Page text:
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Kynaston McShine

I DID NOT SEE the “Primary Structures” exhibition in 1966. I was living in Florence. Shortly after I moved to New York in 1967, a curator from MoMA, Kynaston McShine, made an appointment to visit. When he came to see me, I was somewhat astonished: white pants and shirt, red scarf, loafers, no socks, an irresistible smile, elegant, charming. I forgot to mention that he was black. Kynaston wanted to know everything about me and my work; we talked, a rapid exchange, back and forth. We hit it off immediately. Kynaston had a lightning-quick wit and sarcasm that would reduce you to silence. He was back in touch to ask if I would contribute a film to his “Information” exhibition, another show that ended up being groundbreaking: It put mixed media and Conceptual art on the map.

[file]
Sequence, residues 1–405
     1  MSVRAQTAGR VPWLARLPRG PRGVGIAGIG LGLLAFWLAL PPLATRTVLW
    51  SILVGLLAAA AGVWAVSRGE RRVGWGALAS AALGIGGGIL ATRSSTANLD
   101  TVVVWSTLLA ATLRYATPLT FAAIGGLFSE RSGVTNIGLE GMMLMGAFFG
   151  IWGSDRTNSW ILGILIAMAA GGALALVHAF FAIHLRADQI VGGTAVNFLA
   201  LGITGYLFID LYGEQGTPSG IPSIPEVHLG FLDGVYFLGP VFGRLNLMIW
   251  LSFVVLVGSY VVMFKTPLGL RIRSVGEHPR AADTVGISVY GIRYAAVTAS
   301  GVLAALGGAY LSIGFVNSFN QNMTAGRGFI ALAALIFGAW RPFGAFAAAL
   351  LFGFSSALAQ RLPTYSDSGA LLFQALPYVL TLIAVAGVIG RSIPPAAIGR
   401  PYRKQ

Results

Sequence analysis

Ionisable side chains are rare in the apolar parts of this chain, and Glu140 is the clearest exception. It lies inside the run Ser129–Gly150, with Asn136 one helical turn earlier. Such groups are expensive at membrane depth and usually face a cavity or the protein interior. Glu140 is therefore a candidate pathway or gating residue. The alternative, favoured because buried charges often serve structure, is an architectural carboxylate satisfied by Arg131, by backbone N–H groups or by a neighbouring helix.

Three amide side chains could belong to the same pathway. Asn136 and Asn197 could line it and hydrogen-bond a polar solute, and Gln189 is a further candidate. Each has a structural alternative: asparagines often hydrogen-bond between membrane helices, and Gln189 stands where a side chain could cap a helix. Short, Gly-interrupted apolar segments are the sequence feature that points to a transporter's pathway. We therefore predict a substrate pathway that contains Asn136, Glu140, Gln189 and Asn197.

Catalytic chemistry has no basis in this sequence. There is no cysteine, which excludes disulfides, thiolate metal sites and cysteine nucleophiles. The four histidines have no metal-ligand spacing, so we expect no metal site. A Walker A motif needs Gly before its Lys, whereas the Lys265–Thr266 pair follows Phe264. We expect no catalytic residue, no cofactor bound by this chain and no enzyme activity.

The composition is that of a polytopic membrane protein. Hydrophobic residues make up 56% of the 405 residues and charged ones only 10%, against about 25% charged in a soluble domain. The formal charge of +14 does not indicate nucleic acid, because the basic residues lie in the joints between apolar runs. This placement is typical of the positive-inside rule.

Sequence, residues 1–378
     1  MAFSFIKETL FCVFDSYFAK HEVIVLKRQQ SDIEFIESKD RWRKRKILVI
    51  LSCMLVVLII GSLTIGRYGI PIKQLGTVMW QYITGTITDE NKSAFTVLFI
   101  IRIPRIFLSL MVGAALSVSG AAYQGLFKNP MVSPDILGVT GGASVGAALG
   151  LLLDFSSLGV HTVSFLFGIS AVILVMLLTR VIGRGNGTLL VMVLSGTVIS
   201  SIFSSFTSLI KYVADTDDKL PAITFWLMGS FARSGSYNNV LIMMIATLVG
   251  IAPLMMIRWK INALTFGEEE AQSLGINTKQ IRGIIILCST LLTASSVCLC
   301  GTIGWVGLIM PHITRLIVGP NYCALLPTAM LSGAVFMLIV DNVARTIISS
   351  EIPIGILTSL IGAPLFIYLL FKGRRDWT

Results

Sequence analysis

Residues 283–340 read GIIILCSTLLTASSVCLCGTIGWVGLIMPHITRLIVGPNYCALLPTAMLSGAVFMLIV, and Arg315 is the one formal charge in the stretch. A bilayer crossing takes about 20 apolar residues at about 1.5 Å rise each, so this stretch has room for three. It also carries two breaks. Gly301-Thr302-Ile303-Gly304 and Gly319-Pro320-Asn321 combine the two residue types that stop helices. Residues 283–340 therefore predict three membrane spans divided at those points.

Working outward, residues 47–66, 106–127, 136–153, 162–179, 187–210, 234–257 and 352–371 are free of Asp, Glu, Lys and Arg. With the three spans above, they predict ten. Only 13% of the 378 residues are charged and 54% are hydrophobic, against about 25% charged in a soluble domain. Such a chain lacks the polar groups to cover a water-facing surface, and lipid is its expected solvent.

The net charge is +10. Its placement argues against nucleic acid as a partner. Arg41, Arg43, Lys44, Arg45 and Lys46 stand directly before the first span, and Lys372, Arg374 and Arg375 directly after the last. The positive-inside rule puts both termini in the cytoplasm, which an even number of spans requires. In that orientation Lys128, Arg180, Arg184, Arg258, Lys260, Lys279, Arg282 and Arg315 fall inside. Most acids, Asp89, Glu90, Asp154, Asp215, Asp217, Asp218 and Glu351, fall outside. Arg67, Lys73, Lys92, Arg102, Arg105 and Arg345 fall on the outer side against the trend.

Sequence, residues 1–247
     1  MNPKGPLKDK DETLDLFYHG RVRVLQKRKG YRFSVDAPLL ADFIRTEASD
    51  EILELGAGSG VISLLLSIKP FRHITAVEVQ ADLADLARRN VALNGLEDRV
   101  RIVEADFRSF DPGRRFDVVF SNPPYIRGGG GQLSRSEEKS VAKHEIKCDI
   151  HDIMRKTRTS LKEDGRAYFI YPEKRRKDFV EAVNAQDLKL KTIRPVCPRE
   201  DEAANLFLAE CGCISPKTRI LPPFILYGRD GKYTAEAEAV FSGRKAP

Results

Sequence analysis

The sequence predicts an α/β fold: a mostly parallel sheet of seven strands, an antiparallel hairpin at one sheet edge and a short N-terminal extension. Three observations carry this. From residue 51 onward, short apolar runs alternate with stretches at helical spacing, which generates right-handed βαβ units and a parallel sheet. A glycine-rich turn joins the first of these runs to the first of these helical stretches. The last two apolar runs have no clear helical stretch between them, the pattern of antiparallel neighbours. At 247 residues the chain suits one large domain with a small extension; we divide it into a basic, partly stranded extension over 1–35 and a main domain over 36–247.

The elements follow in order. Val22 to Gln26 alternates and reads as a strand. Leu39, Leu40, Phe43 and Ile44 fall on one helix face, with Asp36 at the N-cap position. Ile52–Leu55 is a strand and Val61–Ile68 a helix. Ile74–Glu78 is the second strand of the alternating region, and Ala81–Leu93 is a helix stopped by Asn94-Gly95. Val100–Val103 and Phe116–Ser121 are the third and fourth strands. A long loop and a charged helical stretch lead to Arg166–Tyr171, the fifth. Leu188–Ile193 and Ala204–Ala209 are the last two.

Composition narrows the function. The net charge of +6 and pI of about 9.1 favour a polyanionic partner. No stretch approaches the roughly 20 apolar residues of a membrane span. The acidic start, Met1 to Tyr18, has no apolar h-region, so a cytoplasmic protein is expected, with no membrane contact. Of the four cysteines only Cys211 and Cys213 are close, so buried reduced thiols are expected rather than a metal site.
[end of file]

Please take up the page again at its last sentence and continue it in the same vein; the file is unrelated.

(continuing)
The next time Kynaston came to see me was in 1984, to let me know that MoMA wanted to organize a retrospective of my

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